If you have access to the United States Code (U.S.C.) or one of its annotated versions (U.S.C.A. or U.S.C.S.) in print, you can find federal statutes by:
(2) popular name;
(3) browsing the table of contents; and
The U.S. House of Representatives' Office of the Law Revision Counsel maintains an up-to-date and searchable online version of the United States Code that allows you to retrieve a federal statute by citation, browse by title and section, locate an Act by popular name, or search the text of the United States Code.
The Government Publishing Office (GPO) maintains an authenticated online version of the United States Code through its govinfo website that you can browse by title and section, retrieve by citation, or keyword search.
Non-governmental websites such as Cornell Law School's Legal Information Institute offer unofficial unannotated versions of the United States Code that allow you to browse, search, or retrieve federal statutes by citation or popular name.
Federal agency websites can be a great resource for finding links to key federal laws they implement and enforce.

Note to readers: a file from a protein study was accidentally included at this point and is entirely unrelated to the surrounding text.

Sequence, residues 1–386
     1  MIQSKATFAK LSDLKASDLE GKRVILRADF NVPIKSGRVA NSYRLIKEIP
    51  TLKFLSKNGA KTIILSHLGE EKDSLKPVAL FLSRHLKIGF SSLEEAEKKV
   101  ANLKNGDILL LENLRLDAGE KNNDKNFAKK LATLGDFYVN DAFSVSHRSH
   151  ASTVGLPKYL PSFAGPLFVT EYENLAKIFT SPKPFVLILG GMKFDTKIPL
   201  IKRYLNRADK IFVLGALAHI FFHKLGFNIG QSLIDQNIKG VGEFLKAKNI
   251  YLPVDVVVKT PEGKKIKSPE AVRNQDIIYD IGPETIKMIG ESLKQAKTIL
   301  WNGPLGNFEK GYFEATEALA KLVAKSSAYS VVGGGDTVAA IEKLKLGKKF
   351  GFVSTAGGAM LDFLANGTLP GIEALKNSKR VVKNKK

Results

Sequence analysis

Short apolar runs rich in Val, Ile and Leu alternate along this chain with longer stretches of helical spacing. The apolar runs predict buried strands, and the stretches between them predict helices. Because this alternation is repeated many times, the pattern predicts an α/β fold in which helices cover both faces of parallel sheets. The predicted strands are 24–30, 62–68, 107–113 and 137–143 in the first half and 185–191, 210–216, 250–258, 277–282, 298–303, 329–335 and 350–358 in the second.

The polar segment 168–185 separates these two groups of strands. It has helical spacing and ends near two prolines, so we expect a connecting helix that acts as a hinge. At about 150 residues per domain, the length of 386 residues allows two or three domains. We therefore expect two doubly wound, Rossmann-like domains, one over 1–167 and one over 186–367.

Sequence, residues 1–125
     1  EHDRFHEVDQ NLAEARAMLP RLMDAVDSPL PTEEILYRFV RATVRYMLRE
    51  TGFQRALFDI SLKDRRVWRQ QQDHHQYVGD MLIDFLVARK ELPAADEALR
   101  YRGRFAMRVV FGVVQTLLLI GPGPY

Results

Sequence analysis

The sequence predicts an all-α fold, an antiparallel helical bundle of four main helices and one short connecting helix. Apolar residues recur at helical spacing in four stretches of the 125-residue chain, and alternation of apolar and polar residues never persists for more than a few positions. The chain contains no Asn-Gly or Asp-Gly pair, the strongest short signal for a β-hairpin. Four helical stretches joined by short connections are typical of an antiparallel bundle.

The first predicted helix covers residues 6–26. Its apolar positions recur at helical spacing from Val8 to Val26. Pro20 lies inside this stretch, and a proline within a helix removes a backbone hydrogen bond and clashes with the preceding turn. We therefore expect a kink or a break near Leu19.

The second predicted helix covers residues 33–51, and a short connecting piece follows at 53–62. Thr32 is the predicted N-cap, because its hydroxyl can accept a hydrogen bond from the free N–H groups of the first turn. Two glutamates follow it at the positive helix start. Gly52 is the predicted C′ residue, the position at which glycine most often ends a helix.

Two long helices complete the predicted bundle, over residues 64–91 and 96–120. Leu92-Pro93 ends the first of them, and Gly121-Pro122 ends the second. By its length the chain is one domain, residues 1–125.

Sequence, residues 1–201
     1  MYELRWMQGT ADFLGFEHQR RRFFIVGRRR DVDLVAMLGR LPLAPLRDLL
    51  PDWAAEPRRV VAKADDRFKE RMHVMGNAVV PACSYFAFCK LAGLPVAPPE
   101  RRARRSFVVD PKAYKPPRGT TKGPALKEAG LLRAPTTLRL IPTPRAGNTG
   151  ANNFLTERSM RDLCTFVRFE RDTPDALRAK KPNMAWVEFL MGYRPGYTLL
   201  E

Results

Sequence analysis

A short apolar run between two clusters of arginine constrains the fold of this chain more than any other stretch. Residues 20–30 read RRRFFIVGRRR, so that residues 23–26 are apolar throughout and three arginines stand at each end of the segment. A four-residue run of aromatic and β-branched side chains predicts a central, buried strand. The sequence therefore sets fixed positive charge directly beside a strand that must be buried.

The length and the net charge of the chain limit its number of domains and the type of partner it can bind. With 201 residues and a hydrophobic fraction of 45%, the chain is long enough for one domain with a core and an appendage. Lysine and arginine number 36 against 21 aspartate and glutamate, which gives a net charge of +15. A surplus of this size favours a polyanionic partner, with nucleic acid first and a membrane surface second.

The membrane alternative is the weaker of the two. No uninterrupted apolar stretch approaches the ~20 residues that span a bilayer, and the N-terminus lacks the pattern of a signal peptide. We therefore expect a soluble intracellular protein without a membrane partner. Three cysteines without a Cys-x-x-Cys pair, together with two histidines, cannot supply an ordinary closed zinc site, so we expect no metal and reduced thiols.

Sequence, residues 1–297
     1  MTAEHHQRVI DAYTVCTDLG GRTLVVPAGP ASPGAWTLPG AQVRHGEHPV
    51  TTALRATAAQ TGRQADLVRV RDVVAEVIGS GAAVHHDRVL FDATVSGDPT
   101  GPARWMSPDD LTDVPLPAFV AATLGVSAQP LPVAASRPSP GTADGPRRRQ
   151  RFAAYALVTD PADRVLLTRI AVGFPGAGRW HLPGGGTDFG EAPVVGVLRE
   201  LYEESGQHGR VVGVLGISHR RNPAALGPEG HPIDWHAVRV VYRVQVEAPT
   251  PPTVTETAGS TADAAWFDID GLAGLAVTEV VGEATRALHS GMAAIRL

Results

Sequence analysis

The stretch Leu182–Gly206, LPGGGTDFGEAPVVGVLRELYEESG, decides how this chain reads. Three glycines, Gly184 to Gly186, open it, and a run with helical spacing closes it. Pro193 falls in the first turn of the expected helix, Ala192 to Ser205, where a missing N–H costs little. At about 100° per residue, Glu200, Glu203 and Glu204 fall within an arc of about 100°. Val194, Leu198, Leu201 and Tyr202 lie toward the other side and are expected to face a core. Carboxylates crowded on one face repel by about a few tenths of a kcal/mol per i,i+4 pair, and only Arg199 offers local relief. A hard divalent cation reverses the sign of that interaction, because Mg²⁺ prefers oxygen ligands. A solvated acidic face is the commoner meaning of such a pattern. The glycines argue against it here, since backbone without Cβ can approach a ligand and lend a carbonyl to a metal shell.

For example, the U.S. Department of Education maintains a website devoted to the Individuals with Disabilities Education Act (amended by the IDEIA in 2004). The IDEA website includes a Law and Policy tab, which provides a link to the text of the law.
Some public libraries and colleges and universities provide access to annotated versions of the United States Code through subscriptions to Westlaw (U.S.C.A.) or LexisNexis (U.S.C.S.).
For example, the Richland Library and the Greenville County library systems offer public access Westlaw (U.S.C.A.) to its members and the University of South Carolina subscribes to NexisUni™, formerly LexisNexis Academic (U.S.C.S.).
Both subscription databases allow you to retrieve a federal statute by citation, browse by title and section, locate an Act by popular name, and search the text of their annotated United States Codes.